Witnessing a loved one’s life falling apart due to substance use is a tragedy. Standing by and doing nothing, waiting for the person to “hit bottom,” is a serious gamble. On the other hand, no amount of begging, pleading, or insisting has yet caused a real change in substance use behaviors. At this point, intervention can be a critical tool.
An intervention involves an encounter between the loved one and his or her close family members and friends. The purpose for family and friends who conduct an intervention is to communicate to the loved one how their substance use disorder personally affects them. The goal is to articulate these feelings in a constructive way that resonates with them and motivates them to get help.
4 Tips to Prepare for a Successful Intervention
If you are considering holding an intervention for a loved one, it’s important to properly lay the groundwork. Follow these tips when planning an intervention:
- Hire a professional. Conducting a successful intervention is best achieved through the guidance of a professional. These individuals are trained to manage not only the meeting but also the powerful emotions that are often part of the process.
- Make a plan. Prior to holding the intervention itself, the family will meet with the interventionist to prepare a plan. The interventionist will also prepare the group for possible outcomes and for setting realistic expectations.
- Write the letters. The participants will be asked to write letters to their loved one that describe the impact their substance use has had on their lives.
- Practice beforehand. Role-playing is useful as a rehearsal prior to the intervention. This helps to anticipate possible issues that could happen and to get prepared for how to respond should they occur.
What to Expect At an Intervention
A typical intervention will look something like this:
- A member of the group will invite the loved one to meet up at a chosen location. When he or she arrives they will be surprised to see their family members and close friends assembled there. At this point, the interventionist will introduce themselves.
- The family members take turns reading their letters aloud.
- The interventionist will manage emotional responses and continue to move the meeting forward.
- The interventionist then presents the loved one with a potential treatment plan. Family members will clearly define boundaries, should the loved one not be ready for treatment. The interventionist then asks if they are ready to accept help. This generally results in one of two responses:
- The loved one accepts the offer for treatment. In this event, the group will help the person make preparations for entering a treatment program. They will also offer their continued support both during and after treatment.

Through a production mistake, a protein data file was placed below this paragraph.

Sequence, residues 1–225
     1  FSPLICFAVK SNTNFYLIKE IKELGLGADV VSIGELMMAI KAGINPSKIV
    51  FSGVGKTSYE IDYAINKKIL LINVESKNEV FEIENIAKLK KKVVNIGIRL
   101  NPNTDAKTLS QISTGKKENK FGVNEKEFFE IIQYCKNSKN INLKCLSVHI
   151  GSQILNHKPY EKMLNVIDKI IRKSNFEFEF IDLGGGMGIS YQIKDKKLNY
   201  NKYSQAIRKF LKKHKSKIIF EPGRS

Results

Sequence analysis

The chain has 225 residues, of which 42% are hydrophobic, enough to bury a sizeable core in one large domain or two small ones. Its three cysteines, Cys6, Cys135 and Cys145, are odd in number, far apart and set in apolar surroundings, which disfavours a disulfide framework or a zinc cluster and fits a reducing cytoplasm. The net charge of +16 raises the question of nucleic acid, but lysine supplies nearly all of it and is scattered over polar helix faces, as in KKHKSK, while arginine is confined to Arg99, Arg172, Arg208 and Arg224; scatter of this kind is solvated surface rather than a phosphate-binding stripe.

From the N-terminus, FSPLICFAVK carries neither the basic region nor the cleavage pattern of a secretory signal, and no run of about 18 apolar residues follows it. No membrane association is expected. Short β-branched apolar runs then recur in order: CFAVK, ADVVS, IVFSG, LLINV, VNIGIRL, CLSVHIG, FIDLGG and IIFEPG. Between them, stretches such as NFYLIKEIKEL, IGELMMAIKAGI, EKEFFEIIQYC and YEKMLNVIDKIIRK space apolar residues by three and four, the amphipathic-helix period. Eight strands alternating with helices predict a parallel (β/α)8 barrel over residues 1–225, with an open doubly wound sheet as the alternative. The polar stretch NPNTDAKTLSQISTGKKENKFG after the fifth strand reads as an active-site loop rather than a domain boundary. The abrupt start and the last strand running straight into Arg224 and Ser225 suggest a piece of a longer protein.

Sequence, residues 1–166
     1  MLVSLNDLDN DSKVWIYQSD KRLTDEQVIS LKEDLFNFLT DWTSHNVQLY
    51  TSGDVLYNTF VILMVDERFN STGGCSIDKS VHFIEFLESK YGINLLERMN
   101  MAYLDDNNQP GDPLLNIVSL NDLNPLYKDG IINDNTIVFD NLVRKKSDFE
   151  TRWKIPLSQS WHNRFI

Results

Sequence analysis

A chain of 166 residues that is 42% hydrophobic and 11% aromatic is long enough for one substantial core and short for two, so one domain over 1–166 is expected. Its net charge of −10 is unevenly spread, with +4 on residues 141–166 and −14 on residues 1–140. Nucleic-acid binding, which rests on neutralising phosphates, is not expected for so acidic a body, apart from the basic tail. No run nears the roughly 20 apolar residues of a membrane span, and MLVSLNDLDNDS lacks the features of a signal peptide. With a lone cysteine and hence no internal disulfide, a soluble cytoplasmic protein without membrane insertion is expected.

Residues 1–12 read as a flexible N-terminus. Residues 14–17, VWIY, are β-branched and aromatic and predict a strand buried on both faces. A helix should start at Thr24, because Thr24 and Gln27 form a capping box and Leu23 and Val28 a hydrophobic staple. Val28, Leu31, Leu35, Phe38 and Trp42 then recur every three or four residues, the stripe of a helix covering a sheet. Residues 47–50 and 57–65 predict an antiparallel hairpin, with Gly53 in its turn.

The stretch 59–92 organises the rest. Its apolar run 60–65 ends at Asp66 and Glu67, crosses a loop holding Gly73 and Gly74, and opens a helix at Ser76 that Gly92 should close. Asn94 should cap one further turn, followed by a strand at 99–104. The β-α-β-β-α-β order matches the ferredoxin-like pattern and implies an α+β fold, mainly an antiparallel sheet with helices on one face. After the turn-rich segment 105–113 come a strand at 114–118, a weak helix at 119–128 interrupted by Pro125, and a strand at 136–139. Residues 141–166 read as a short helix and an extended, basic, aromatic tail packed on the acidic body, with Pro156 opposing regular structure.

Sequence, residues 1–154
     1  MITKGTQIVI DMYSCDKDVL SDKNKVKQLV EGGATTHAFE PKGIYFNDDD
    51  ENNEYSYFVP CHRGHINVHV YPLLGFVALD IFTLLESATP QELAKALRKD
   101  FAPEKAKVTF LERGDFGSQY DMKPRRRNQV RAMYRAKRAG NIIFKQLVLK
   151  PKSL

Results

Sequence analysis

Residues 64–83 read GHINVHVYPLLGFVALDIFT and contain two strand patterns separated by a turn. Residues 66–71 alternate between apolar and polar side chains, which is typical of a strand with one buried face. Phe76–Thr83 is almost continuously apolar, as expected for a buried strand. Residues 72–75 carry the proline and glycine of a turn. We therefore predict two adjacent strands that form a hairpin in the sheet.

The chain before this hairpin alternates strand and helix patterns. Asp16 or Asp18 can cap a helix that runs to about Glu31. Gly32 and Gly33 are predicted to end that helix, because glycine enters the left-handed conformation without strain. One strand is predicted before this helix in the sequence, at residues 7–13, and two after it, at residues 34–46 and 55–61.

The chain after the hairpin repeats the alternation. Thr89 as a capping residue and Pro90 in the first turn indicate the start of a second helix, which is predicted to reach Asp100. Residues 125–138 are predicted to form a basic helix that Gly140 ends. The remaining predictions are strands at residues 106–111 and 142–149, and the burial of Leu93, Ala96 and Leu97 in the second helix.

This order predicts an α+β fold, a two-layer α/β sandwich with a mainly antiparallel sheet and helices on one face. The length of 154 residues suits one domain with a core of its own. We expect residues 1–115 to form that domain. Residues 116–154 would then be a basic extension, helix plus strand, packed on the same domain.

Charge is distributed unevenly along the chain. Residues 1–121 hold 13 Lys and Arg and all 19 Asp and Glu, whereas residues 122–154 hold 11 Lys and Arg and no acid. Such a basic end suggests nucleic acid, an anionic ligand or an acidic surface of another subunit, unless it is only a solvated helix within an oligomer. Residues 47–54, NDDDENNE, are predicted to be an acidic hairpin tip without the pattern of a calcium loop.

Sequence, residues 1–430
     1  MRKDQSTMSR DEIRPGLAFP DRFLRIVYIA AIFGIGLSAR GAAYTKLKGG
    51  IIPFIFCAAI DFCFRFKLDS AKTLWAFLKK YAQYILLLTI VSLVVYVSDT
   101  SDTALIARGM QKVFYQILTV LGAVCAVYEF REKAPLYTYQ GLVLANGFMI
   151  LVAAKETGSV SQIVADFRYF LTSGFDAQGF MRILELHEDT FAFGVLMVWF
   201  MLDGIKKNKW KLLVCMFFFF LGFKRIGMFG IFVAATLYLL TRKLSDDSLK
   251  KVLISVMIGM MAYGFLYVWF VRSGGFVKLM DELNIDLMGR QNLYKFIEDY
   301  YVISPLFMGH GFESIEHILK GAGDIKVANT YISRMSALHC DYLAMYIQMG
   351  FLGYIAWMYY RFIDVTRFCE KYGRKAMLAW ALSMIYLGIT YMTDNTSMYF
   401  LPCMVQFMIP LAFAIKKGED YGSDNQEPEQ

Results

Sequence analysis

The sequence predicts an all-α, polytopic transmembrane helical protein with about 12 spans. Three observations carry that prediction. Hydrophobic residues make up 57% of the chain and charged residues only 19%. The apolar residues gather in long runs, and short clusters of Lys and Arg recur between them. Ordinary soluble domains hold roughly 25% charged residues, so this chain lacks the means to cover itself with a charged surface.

- The individual declines the offer to get treatment. In this event, the family members must adhere to the boundaries that were defined earlier. Even though it is disappointing, it is important to understand that their loved one may not yet be ready for treatment. However, the seeds have been planted.
Having an intervention is difficult. The goal is to handle the meeting in such a way that the loved one doesn’t retreat or become defensive because they feel they are being attacked, but that hopefully persuades them to get the help they need.
How to Set Boundaries in Recovery
Should the loved one decline the offer of treatment, it may create challenging transitions ahead. Someone who is accustomed to being enabled will bristle at the idea of the new boundaries, no matter how reasonable they are. Consider these tips for setting boundaries:
- Identify the necessary boundaries. These can pertain to safety issues, financial issues, being exposed to substance use, and other situations that you identify as threatening your own peace.
- Be clear about your boundaries. Explain the boundaries and the reasons for them. Remain calm and under control while articulating the new boundaries.
- Write the boundaries down. It is difficult to enforce new boundaries. Writing them down can help keep you on track.
- Enforce the boundaries. Setting new boundaries is not useful if the family is not willing to follow through and enforce them. Be willing to have those difficult conversations with the loved one, and stick to your boundaries.
The importance of boundaries is paramount. Setting boundaries is a win-win for both the family members and the loved one. The new boundaries will discourage codependency and enabling behaviors, and may in time motivate the loved one to get treatment for their substance use disorder.
Ashley Addiction Treatment, formerly Father Martin’s Ashley, is a nationally recognized nonprofit leader in integrated, evidence-based treatment for substance use disorders and is accredited by The Joint Commission. We offer both inpatient and outpatient programs, holistic addiction treatment, drug detox, relapse prevention plans, family wellness programs, and a variety of other services tailored to each patient’s needs. Our driving principle — “everything for recovery” — reinforces our mission to heal each individual with respect and dignity, and reflects on our ongoing commitment to meet new challenges. For information about our comprehensive programs, please call (866) 313-6307.